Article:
What the market plunge in China says about the global economy

BEIJING -- After the Chinese stock market started 2016 with a plunge that unnerved investors globally, here are some questions and answers about the turmoil.

See Full Article

WHY DID THE CHINESE MARKET DROP SO MUCH?

China's main stock index, which tumbled nearly 7 per cent on Monday before trading was halted under a new emergency measure, has been volatile for months.

The latest drop appears largely due to the same concerns: a slowdown in the world's second-largest economy, greater investor caution after markets hit dizzying heights last year, and Beijing's attempts to unwind controls on trading.

A report showing a further decline in manufacturing, a huge sector that has fueled China's economic surge in past years, prompted investors to sell on Monday. China is in the midst of a massive plan to shift its economy away from its traditional reliance on industry and exports toward consumer spending.

Another concern is an expected decline in the Chinese currency, the yuan. A drop in the yuan could make foreign debt held by Chinese companies harder to bear and encourage investors to pull money out of the country.

Adding to these worries on Monday are geopolitical tensions in the Middle East. Saudi Arabia said Sunday it is severing diplomatic relations with Iran, a development that could potentially threaten oil supply. Oil prices rose on the news.

More practically, Beijing is trying to undo limits on markets, such as new stock offerings, that it imposed last summer, when markets began falling.

Stocks had more than doubled in the 12 months leading up to the first of a series of plunges, as state media encouraged the public to invest. Prices started to fall in mid-June after regulators imposed limits on the amount of money brokerages could lend to customers to trade shares. That prompted concern among investors that authorities would no longer support share prices.

WHAT DOES THIS MEAN FOR INVESTORS ELSEWHERE?

China's stock market is one of the world's biggest, but most investors in the United States and elsewhere own very small amounts, if any, of the stocks at the centre of the tumult. Markets in Shanghai and Shenzhen are slowly opening to foreign investors, but many barriers to direct ownership remain.

The Chinese stocks that most U.S. and other foreign investors own directly or through mutual funds trade instead in Hong Kong. These stocks have also fallen, but they've largely been steadier. They also tend to make up relatively small portions of the diversified funds available in many employer-sponsored retirement accounts. The bigger worry for investors outside of China may be the spillover effect that a tumbling Chinese market could have. The turmoil in China's market helped pull other global stock markets lower on Monday.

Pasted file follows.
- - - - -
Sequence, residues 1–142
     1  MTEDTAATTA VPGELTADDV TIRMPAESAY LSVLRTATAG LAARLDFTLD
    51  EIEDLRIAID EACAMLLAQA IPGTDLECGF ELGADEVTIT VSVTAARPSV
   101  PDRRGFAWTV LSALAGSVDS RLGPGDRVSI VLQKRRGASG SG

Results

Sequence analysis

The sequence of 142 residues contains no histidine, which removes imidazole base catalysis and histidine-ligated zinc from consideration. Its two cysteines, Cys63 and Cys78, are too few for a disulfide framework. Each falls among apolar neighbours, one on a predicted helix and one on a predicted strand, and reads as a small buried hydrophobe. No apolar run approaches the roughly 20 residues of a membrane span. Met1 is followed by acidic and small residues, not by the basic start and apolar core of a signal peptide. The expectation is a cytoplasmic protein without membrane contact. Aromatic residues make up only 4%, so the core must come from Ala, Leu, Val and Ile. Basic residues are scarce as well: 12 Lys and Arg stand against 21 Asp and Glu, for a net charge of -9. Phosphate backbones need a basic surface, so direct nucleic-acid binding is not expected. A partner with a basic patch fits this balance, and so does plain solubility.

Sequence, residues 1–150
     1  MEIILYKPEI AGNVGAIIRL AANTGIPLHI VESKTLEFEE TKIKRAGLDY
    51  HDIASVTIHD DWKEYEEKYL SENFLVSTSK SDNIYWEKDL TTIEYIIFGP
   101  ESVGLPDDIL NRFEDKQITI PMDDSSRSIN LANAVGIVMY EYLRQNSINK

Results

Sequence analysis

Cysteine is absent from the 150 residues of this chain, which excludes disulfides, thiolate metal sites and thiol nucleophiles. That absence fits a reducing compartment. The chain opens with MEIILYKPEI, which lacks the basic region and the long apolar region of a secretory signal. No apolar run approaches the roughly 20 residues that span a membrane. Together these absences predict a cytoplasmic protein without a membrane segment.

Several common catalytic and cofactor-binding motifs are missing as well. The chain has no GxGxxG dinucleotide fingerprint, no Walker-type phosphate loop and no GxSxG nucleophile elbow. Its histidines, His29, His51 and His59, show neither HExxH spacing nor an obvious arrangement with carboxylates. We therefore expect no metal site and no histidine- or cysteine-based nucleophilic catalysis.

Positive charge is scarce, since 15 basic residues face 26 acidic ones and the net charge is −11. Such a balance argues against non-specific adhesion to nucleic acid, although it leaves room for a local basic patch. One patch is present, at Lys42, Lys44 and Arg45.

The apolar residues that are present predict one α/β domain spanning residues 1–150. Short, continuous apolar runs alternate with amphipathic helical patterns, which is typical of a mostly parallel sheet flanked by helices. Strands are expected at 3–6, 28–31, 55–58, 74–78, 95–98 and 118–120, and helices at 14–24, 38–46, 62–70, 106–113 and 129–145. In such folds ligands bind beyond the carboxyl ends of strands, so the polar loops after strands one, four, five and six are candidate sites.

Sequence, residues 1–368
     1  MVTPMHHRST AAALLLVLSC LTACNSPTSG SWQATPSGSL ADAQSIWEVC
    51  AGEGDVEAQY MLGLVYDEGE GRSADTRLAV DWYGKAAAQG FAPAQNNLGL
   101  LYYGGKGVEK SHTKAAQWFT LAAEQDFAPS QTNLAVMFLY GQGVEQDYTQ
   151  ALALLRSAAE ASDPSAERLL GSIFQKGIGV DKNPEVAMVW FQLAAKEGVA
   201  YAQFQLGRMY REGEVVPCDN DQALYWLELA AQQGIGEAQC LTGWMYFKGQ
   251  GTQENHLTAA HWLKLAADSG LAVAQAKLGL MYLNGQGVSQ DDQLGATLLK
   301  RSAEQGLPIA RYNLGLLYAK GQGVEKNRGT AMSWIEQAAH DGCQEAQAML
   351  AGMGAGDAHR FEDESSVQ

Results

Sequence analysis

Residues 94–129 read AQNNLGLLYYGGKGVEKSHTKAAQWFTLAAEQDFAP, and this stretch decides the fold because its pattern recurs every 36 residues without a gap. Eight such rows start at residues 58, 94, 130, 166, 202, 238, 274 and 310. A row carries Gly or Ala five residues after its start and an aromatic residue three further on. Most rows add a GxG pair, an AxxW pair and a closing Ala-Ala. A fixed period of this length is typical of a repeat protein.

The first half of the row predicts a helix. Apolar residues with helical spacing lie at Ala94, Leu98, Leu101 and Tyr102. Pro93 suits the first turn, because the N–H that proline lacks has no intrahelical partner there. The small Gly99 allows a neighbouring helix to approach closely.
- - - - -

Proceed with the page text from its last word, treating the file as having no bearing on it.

WHY DID GLOBAL INVESTORS REACT WITH SUCH ALARM?

China is the world's second-largest economy and has been a key driver of global growth for several years. But its growth has been fading recently. In the quarter ending in September it fell to a six-year low of 6.9 per cent.

The country's manufacturing sector is a huge buyer of raw materials and energy from countries like Australia, Brazil, Chile and Russia, as well as machines from the likes of Germany. Many consumer goods companies and automakers are also hoping to sell more to increasingly wealthy Chinese households.

The potential risks are reflected in the global market drop on Monday. Germany's stock market was down a whopping 4 per cent. In the U.S., the Standard and Poor's 500 index lost 2.6 per cent in morning trading.

IS CHINA'S STOCK MARKET A RELIABLE INDICATOR OF ITS ECONOMY?

Not as much as in the U.S. or Europe.

Chinese stock markets have little connection to the rest of the government-dominated economy. The biggest companies are state-owned and their health is decided by official policy.

Traders respond more directly to government cues and the availability of credit. Stock prices can rise when the economy is weakening or fall even though conditions are improving.



Advertisements

Latest Economic News